If not for a cannonball
He would not have looked more deeply
At the life he had led
A full, and yet still, empty life
A rich, but yet to be richer, existence
That would have floated away.
If not for vanity’s sake
Hoping for a walk without a limp
Would convalescence have not provided the time
For reflecting just that much deeper?
If there were only more books
Of ribald tales
Near pornographic materials for the time
If only there were one or two more of those books
Would the Life of Christ and His great saints
Have not been touched by another saint’s hands?
The shattering of that leg
Shattered Iñigo’s heart as well
His life was no more
Who would want a gimpy-legged man after all?
And perhaps wallowing,
He read of what could have been
Priming his mind for the tales
Of Francis and Dominic
Who were more like the man he was about to become
If not for that cannonball
There would be no St. Ignatius
No Isaac Jogues, no Francis Xavier
There would be no Canisius, no Fordham
No Georgetown, No Boston College
James Martin may still work for GE
And Greg Boyle would not have become a Homeboy
If a cannonball did not change everything
For Iñigo and for us.
For Iñigo is now Ignatius of Loyola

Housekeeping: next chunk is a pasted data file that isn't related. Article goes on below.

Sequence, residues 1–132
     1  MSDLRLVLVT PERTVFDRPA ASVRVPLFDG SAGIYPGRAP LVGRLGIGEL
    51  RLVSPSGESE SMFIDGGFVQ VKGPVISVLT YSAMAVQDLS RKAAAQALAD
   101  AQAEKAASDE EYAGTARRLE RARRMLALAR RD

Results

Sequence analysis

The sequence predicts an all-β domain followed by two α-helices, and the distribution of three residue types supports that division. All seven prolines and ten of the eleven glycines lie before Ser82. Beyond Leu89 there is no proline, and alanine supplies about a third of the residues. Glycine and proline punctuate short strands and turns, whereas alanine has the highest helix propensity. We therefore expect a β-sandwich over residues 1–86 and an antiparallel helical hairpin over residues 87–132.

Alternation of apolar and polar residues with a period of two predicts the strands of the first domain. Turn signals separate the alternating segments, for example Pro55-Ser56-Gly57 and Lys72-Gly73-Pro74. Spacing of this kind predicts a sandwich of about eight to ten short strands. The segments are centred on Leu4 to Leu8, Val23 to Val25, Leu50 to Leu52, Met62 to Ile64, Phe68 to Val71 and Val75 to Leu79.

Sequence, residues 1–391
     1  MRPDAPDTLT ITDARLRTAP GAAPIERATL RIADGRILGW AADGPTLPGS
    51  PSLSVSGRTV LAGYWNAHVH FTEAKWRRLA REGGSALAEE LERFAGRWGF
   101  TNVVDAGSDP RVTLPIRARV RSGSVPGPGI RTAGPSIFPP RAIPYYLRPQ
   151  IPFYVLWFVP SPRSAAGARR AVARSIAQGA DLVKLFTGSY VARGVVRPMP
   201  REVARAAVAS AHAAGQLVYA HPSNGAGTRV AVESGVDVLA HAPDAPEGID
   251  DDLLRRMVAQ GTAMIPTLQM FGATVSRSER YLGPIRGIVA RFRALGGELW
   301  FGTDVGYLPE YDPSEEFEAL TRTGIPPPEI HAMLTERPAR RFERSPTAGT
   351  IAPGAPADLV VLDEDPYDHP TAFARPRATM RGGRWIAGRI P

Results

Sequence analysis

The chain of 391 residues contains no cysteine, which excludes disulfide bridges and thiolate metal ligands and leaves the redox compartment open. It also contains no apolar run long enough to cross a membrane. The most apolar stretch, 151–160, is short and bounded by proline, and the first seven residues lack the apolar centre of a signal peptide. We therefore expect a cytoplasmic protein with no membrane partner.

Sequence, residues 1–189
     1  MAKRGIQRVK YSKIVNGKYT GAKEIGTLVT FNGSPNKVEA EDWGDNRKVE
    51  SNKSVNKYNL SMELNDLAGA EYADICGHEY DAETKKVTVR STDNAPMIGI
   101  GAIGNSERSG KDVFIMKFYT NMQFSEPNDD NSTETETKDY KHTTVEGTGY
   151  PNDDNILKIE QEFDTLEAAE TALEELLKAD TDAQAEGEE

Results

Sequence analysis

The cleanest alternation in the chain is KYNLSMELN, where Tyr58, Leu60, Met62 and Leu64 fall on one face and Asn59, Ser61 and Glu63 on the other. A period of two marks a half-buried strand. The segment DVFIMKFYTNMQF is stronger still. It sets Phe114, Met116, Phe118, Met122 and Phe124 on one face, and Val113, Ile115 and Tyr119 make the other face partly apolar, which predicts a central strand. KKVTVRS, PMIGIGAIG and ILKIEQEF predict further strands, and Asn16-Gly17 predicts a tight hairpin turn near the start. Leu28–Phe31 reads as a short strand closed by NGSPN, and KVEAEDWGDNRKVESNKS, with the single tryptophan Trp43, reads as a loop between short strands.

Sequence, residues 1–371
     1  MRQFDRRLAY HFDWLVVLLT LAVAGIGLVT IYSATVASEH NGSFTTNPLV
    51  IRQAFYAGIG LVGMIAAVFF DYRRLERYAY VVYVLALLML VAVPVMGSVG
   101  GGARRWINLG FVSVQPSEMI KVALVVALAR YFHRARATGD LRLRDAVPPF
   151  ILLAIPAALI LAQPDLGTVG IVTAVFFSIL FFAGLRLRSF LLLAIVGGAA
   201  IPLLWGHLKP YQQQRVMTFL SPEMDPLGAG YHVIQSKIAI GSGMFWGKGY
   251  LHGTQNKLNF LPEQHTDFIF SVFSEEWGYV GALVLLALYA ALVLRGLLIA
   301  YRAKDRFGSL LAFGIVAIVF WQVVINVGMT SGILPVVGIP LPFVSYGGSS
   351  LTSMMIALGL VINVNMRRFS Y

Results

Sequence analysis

And Ignatius reminds us that it is in moments like these
Where a simple, or not so simple, event
Can harken God’s presence to us
If we, but pay attention to the cannonball
So what are the cannonballs in our lives?
Those moments that cause us to turn,
if only for one brief moment in time
That moment that caused us to see ourselves
A bit more clearly
And invited us into the place
Where we could be just a bit more
Than we thought we could
Perhaps we laughed at the thought
As old Sarah did at her potential pregnancy
Or perhaps we feared a future
As Isaiah did because of youth.
But a moment in time
Where we notice the Lord
Is all we need to be not just
All that we are
But all that we can be for others as well
What is your moment in time?
That caused you to turn
Just a bit, or perhaps more drastically,
To be who God calls you to be?
A classroom, a bedroom, a bar room,
Those moments happen there.
A birth, a death, getting fired, an invitation
to something new,
something that changes us
To be renewed by God’s grace
Which is all we need and nothing more.
It might be that
we just sat at the right table
And met someone
Who changed our lives
With their invitation
That led to a new job
Or something else
Perhaps one dared to
Point out a flaw or the thing that is missing
And asked us to just consider that
Because they saw clearly when we could not?
Even the Pope has these moments
Like when the ballots swung
In his favor
And led him to remember the poor
In the princely, papal palace
And chose to be different.
What is your Ignatian moment?
That shatters your world
And changes you
To be all that God has called you to be?
Happy Feast Day